Annual Production 2007

The Chief's Son
The Chief's Son
The Chief's Son

"The Chief's Son"

"Once upon a time, a long time ago, in this tiny village where we lay our scene."

The opening lines of Benjamin's Ng's "The Chief's Son" echoed around Hwa Chong Institution's Performing Arts Centre as the Raffles Players began their Gold with Honours winning performance.

The play tells the story of a young boy named Kim who is captivated by the dramatic tales of Manolo, the storyteller. He listens with delight to stories of "The Father who Killed the Tiger" and "The Boy Who Climbed Over the Mountain". Kim's commitment to his Father and to his duties as a Chief's son are tested as Manolo goads him into leaving the tranquil village for the hustle and bustle of the city. The play explores balancing familial commitment with following one's heart and desires. As the play progresses, we see Kim's fate intertwining with Manolo's colourful stories.

The arduous journey to one of the most memorable performances of our lives began months earlier—in rehearsals. The entire creative process began with experimentation, with trying out new and different things in an attempt to not just put on a play, but to tell a story. The objective was to make something out of almost nothing. Armed with only 4 benches and a handful of percussion instruments, the Raffles Players began piecing together our interpretation of "The Chief's Son".

Every one of us faced different challenges along this journey. For some, it was coping with the reality of expectation as they made their first foray into drama. For others, the challenge was all together more sublime—struggling to stay true to the playwright's vision as they tried to put their own spin on a character.

In the end, each of us found our own as we took to the stage to perform our creation—a unique blend of experimental physical theatre and traditional naturalistic portray. As we wowed audiences at the SYF 2007 Drama Presentation, we felt a sense of satisfaction and accomplishment. We did it.

But through all this excitement and fervour, we never forgot that "The Chief's Son", would never have been possible without the efforts of some very important people. The Raffles Players are forever indebted to Ms. Mabel Chia, Ms. Divina Teo, Mr. Julius Foo—our external trainer—and, of course, Ms. Quah Seok Whee for their tireless commitment to the production.

"The Chief's Son" will forever have a special place in the hearts and minds of those who helped make it a reality—for it was not just a play; it was a story that exemplified the spirit of theatre and drama.

Anish Hazra

Drama Feste 2007


Bayley: "5 Players"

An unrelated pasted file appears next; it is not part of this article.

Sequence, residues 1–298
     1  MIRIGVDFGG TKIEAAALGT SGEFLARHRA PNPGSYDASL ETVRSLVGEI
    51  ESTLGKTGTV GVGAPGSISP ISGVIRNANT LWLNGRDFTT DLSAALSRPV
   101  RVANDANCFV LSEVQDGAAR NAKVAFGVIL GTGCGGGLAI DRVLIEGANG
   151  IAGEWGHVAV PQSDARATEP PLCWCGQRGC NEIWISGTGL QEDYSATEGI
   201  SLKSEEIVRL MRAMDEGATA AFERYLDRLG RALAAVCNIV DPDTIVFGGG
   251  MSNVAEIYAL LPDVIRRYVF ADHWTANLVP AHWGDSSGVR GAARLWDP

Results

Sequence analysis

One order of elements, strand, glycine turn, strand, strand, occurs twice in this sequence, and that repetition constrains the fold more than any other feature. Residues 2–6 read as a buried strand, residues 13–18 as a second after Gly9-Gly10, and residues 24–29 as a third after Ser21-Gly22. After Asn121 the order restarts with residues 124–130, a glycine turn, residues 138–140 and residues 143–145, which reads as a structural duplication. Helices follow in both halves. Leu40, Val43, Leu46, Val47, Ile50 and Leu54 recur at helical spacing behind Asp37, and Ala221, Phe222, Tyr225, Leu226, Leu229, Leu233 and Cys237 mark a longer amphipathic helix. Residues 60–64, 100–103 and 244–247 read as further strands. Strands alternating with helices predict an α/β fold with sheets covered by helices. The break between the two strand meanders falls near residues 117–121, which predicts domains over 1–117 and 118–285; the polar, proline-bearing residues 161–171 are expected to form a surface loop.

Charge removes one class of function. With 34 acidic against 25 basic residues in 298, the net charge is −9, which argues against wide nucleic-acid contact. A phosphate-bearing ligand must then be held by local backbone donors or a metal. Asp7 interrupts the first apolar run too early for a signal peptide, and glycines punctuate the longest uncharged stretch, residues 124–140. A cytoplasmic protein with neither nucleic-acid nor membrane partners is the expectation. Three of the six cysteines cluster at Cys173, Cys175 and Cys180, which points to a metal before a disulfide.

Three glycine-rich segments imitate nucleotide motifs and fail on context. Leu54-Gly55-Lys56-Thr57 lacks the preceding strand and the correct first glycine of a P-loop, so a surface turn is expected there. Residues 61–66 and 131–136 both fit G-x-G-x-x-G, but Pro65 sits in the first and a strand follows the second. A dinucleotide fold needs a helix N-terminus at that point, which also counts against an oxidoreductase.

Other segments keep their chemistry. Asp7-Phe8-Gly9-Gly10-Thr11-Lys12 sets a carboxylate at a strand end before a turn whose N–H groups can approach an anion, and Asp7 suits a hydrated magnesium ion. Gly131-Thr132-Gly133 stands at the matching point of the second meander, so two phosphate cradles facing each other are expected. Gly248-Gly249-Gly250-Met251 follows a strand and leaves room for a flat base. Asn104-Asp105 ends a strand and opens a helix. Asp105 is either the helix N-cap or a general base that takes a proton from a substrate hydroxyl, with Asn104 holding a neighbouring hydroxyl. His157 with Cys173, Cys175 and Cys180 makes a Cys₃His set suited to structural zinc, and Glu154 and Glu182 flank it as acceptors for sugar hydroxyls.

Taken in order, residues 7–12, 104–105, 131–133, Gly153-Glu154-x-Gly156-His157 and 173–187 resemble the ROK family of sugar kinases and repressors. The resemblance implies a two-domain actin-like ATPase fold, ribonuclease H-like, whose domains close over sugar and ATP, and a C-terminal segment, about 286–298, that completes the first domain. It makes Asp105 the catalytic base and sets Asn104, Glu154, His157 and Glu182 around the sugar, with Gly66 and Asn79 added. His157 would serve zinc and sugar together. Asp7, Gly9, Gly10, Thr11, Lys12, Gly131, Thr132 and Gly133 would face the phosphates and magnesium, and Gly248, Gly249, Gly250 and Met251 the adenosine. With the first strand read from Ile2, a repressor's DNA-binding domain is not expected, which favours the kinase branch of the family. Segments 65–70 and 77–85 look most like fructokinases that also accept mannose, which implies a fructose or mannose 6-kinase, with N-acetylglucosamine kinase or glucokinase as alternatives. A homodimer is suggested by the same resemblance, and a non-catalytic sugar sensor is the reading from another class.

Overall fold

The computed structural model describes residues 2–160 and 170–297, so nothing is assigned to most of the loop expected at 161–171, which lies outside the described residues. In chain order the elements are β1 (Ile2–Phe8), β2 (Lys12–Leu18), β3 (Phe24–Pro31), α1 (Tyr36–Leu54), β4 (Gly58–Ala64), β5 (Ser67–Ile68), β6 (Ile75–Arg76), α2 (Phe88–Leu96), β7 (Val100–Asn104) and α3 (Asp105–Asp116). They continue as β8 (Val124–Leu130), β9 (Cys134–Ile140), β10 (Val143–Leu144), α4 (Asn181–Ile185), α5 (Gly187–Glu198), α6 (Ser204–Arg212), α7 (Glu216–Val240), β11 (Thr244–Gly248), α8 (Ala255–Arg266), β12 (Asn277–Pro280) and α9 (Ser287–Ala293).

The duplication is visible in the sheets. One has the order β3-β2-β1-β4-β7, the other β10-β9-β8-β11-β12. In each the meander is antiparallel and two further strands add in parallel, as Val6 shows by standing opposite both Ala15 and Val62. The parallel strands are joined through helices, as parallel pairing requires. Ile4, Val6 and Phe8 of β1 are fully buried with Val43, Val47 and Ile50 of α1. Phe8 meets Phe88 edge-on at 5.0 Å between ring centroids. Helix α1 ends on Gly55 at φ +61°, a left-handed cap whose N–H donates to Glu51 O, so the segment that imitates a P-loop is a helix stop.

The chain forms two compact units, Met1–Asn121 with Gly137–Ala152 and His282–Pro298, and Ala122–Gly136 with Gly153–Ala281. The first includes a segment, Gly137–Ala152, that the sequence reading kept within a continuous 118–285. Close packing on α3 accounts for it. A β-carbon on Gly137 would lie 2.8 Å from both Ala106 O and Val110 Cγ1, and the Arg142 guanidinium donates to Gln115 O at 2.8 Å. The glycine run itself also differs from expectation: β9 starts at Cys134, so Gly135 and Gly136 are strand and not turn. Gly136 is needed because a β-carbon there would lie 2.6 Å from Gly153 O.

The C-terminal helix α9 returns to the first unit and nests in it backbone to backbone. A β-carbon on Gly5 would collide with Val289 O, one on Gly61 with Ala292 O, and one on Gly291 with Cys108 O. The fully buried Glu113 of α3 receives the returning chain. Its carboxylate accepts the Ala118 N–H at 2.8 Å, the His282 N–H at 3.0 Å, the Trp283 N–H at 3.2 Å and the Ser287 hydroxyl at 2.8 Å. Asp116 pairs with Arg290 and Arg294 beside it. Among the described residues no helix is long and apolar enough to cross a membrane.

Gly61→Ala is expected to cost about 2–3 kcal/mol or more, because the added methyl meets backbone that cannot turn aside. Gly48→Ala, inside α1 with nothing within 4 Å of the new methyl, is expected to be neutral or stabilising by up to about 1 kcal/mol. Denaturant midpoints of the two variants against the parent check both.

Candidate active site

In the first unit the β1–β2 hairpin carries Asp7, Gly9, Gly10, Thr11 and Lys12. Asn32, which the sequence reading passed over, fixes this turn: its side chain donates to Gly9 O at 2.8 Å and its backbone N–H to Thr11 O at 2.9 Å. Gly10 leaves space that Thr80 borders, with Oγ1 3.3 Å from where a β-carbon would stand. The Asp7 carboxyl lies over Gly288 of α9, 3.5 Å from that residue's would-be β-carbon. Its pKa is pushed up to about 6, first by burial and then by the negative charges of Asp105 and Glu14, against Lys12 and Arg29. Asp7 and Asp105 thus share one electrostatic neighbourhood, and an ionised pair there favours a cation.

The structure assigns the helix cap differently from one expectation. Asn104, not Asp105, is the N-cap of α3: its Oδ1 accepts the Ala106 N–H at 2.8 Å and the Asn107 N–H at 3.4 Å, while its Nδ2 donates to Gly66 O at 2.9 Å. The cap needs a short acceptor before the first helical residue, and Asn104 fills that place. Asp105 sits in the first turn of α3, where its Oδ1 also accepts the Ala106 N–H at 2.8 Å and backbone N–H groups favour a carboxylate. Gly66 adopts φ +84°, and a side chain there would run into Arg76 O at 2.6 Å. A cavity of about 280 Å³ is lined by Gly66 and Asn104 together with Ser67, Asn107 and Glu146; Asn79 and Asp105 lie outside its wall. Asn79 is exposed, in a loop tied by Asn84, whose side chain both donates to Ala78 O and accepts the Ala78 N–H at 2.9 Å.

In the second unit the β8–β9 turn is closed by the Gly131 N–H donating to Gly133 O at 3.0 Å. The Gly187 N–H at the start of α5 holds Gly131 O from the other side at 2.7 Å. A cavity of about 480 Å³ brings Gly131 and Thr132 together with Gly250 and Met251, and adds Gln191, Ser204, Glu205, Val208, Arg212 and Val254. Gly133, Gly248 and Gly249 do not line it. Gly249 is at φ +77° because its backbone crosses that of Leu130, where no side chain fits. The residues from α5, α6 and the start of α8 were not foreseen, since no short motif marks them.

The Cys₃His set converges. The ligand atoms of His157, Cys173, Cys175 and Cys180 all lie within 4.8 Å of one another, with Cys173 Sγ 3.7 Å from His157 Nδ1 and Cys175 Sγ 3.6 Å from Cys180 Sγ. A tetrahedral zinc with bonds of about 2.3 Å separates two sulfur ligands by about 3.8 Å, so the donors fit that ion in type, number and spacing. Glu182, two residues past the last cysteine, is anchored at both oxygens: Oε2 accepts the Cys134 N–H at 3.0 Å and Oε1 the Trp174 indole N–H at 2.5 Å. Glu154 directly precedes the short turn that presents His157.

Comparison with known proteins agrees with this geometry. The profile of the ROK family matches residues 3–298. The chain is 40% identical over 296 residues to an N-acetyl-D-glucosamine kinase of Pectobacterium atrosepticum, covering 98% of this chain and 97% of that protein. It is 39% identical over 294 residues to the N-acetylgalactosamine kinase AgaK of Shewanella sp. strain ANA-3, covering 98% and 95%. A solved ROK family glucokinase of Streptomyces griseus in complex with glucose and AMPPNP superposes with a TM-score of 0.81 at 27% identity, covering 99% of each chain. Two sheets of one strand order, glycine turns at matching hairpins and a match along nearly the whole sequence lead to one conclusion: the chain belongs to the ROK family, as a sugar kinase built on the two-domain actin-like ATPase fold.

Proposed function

Buckley: "Being Perfect"
Hullett: "The Shepherd Boy"
Moor: "Price of Paradise"
Morrison: "The Greatest Show on Earth"

An uproarious irrelevant piece with randomness the calling card, Bayley's "5 Players" was devised by the cast and crew, with welcome help from an 'old boy' (Tay Woo Chiao). While the original concept was taken from an old Bayley script (or two), this version departed into non-linear structure but still retained the old flavour of feisty energy and delightful comic timing. Hooking the audience into its zany logic, it won the coveted Best Play.

From comedy to something more serious, Buckley's "Being Perfect" was an intense performance supported admirably by its ensemble of actors. With Elias Tiong (Promising Actor) in the lead, the play probed the psychological descent of the perfectionist Steven as he struggles to cope with the sins of his father’s past, and having to deal with the presence of his nemesis.

Unafraid to challenge expectations, Hullett's "The Shepherd Boy" treated its audience to a most daring performance. A bare stage save for four wooden cubes. Metallic chains ringing and clanging. Prisoners with bruised faces. The bold physical style taken for this play about totalitarian rule impressed with high commitment from its ensemble cast of just five actors.

In a similar vein, Moor's "Price of Paradise" captured people's attention with an allegorical piece about rebellion against the 'master'. The ensemble cast of lions pranced and snarled with conviction to win for Best Ensemble and Directing. Ng Shi Yang as an old lion torn between old loyalties and new realities clinched the Best Actor award for his highly focused portrayal.

Finally, Morrison's "The Greatest Show on Earth". Set in a circus atmosphere of "The Greatest Show on Earth" (Best Script), Gan Kar Liang (director and scriptwriter) created a magical fantasy world with its taint of freakish evil; lured by the charismatic words of the ringmaster (Ansari Shayan Mahfooz; Promising Young Actor), young Ryan is tempted to join this world, to escape into delusion, to deny the reality of his wheelchair-bound handicap—with tragic results.